The astrolabe is an ancient astronomical computer designed for solving problems relating to time and the position of the celestial bodies in the sky.
Brass astrolabes were developed in the medieval Islamic world chiefly as an aid to navigation and as a way to locating the direction of Mecca for daily prayers. But they were also used for a variety of other purposes in the fields of astronomy, astrology, surveying, timekeeping and meteorology. Over 1,200 examples survive today.
The knowledge that gave rise to the creation of the astrolabe is said to have originated from the Greek astronomer Hipparchus who lived in the 2nd century BC - a man who may have also constructed the first rudimentary astrolabe.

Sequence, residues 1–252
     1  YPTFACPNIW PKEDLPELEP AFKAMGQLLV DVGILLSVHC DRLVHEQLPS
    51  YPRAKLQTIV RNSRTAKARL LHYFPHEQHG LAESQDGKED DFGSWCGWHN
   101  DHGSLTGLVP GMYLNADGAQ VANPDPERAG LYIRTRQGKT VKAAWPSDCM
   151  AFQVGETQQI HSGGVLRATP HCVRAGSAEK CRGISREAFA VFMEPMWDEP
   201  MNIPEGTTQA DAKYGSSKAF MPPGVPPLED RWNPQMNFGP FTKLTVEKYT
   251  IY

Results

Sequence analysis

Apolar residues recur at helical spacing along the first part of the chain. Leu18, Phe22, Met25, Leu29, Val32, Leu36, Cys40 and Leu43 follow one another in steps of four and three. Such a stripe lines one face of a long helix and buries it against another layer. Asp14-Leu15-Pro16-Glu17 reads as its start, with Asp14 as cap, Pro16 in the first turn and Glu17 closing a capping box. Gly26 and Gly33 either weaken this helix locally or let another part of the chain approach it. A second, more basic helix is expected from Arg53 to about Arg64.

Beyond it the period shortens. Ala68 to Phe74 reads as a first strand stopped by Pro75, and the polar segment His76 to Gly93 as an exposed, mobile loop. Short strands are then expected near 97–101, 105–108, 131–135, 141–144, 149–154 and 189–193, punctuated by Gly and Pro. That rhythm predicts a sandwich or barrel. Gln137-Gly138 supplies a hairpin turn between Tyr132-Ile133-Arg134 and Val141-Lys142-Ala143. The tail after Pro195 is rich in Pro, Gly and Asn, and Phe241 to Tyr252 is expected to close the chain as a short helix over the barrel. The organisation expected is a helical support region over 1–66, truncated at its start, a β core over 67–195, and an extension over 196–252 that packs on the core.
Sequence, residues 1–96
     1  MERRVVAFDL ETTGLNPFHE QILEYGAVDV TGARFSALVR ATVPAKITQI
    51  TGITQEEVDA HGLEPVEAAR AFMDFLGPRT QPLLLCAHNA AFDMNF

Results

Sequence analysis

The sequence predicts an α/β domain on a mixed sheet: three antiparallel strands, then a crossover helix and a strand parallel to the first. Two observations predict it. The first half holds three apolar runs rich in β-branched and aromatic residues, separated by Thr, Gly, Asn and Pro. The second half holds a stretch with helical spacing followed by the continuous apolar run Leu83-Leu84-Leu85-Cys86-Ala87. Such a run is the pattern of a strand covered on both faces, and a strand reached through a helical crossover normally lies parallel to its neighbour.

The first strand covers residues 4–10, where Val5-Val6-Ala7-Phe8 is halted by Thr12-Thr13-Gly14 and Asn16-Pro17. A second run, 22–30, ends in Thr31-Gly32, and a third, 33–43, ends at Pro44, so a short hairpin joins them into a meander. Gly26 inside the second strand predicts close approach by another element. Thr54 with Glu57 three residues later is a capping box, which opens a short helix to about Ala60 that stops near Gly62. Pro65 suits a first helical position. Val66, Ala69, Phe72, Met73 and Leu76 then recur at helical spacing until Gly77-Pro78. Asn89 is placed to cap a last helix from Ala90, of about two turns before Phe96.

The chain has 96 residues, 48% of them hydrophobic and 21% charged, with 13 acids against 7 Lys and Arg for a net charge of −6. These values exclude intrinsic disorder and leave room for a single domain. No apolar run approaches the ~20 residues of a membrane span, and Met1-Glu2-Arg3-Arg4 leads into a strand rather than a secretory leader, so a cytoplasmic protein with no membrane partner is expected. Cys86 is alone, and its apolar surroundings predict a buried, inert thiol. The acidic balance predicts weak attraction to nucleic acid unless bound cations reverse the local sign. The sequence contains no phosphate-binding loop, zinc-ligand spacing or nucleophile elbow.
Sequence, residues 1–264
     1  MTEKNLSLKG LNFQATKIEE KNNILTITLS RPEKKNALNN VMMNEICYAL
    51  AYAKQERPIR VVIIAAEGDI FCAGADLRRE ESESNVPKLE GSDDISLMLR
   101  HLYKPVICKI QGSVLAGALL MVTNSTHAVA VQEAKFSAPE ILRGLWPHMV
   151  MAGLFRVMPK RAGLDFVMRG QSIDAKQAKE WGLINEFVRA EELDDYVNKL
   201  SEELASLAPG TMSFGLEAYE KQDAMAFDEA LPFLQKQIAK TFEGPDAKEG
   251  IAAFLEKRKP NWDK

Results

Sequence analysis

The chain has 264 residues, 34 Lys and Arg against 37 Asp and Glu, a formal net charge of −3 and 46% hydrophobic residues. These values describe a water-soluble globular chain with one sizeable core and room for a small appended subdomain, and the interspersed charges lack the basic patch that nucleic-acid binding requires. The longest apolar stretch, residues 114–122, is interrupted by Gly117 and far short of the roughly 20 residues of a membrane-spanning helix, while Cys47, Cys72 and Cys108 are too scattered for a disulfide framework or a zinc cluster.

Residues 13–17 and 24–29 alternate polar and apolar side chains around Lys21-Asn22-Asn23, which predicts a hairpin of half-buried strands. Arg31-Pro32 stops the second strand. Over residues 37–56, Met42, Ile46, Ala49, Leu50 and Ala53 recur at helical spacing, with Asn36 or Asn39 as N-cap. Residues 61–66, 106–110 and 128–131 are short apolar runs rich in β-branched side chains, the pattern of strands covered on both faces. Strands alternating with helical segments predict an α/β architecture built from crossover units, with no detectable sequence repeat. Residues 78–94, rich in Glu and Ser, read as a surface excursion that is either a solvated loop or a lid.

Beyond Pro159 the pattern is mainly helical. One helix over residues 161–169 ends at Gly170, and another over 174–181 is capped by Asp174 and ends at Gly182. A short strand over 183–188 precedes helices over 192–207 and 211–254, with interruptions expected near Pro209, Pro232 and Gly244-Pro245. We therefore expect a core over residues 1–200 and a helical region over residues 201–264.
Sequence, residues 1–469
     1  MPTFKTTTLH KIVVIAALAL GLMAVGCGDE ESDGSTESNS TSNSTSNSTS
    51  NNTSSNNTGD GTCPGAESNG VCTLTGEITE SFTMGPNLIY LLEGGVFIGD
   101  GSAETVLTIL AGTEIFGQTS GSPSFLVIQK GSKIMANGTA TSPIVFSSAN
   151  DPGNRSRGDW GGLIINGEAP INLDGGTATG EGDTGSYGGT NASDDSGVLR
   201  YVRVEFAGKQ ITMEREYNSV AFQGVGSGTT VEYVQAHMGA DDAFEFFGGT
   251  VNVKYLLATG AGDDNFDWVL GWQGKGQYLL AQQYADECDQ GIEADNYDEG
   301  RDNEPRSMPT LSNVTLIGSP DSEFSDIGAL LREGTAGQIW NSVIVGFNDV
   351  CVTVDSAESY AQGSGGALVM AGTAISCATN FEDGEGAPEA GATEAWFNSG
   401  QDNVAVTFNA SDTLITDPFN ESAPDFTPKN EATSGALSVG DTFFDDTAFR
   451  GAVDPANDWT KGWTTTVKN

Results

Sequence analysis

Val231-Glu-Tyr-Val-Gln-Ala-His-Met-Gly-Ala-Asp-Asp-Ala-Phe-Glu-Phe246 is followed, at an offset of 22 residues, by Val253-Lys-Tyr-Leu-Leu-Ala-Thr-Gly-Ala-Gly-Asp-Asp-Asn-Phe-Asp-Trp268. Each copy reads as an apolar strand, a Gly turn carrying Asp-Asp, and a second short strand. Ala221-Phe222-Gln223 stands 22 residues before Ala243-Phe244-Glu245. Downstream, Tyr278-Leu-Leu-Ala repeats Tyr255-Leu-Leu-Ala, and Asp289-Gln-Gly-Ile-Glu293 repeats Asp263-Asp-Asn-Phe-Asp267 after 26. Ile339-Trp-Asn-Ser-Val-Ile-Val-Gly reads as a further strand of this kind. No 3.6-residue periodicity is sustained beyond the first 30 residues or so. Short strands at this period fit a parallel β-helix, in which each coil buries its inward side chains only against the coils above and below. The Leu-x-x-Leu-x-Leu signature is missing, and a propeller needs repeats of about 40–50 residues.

An eighth century Persian mathematician, Mohammed al-Fazari, is credited with building the first astrolabe in the Islamic world. Another mathematician-astronomer, from Syria, Muhammed ibn Jaber al-Harrani al Battani (known to the West as “Albatenius”), contributed in the 9th and 10th centuries AD, by way of his scholarship, to the development and evolution of the astrolabe.
This particular piece shown above is a “planispheric astrolabe” and dates back to around 1500 AD. It is made of a four-metal alloy comprised of copper, lead, zinc and tin. It is 15 cm in diameter, and 2 cm thick.
Such astonishing masterpieces of instrumental art are an example of the great contributions that Arab and Islamic scientists made to the world by resuscitating the knowledge of the ancient Greeks and Romans (and their forebears) before developing it, and handing it off to an intellectually impoverished Europe that was fresh out of the Dark Ages.